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Master Thesis: The antiviral roles of ubiquitin-like modifications

One of the most important challenges facing biomedical research is to understand how our immune system defends against invading pathogens. In the Swatek lab, we aim to understand the roles of ubiquitin and ubiquitin-like modifications in the antiviral response. These modifications have emerged as key regulators of the signalling pathways that sense and respond to invading pathogens. The ubiquitin-like protein, ISG15, is highly upregulated in response to viral infection and labels thousands of proteins to help shape the host defence response. To interfere with ISG15 signalling, many viruses remove and redirect these signals, and we have previously identified an elegant example of viral ISG15 suppression. Surprisingly, however, the host proteins that bind and transduce these signals into a cellular function are largely unknown. Therefore, understanding the mechanisms of ISG15 recognition has the potential to unlock exciting new areas of immune signalling and reveal previously unrecognized therapeutic targets. This project specifically aims to further our understanding of ISG15 recognition.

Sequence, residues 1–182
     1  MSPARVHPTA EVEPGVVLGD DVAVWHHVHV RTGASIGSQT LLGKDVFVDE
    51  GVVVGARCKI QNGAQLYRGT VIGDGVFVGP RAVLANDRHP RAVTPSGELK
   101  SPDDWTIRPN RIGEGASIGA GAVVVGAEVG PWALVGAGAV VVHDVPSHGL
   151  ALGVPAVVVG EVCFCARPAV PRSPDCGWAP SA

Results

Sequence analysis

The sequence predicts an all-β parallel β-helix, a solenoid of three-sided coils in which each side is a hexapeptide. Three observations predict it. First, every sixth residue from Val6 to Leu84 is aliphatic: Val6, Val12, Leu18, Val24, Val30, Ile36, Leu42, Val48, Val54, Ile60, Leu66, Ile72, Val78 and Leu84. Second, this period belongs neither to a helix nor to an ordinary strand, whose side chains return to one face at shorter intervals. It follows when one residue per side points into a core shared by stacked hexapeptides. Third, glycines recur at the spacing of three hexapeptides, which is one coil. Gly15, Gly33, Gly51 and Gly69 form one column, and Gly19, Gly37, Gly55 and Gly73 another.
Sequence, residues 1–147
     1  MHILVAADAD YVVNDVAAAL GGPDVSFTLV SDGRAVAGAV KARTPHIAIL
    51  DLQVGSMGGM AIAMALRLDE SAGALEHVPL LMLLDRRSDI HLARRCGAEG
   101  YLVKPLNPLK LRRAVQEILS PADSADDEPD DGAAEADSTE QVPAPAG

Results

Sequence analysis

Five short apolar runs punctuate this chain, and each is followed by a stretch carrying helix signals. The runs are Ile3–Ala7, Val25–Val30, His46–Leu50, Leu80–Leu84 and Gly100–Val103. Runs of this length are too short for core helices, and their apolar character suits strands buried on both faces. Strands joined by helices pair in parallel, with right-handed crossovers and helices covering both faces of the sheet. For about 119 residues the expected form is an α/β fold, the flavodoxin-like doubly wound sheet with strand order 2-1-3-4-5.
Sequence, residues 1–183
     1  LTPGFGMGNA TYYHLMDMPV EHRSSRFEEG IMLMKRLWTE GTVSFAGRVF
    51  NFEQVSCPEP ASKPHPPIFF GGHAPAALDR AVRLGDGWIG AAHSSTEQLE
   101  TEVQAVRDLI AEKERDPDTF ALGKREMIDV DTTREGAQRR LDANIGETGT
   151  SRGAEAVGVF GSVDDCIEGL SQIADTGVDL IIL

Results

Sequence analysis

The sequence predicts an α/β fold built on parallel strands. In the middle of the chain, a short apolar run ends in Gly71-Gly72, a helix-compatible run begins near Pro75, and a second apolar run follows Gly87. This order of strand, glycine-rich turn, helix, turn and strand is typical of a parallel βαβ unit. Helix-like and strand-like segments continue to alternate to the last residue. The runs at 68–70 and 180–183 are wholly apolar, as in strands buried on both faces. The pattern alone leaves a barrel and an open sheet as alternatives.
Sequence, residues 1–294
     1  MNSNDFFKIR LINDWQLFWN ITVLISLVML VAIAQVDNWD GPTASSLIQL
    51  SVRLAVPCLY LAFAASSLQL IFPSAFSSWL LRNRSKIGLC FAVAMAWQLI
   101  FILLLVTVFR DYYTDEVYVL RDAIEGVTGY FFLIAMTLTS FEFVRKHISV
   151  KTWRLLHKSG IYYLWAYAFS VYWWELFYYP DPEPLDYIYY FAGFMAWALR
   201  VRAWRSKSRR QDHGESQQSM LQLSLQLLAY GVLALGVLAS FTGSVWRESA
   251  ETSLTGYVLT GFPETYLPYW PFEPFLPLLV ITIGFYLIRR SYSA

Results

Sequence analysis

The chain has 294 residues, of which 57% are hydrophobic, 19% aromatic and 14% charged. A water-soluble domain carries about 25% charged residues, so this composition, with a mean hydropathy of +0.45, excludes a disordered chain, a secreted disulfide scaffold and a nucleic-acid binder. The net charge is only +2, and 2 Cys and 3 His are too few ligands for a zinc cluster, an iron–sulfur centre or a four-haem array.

Students interested in gaining knowledge in ubiquitin biology and hands-on experience in state-ofthe-art biochemistry, biophysics, structural biology, and mass spectrometry are encouraged to apply. The successful student will have the opportunity to work at the bench with their supervisor and be a part of the MRC PPU and Division of Signal Transduction Therapy (DSTT) community in the School of Life Sciences at the University of Dundee.
Please contact Kirby Swatek if you are interested (kswatek001[ät]dundee.ac.uk).
• must be currently enrolled in a master’s program
• have approval from their institution to perform an internship or master’s thesis research abroad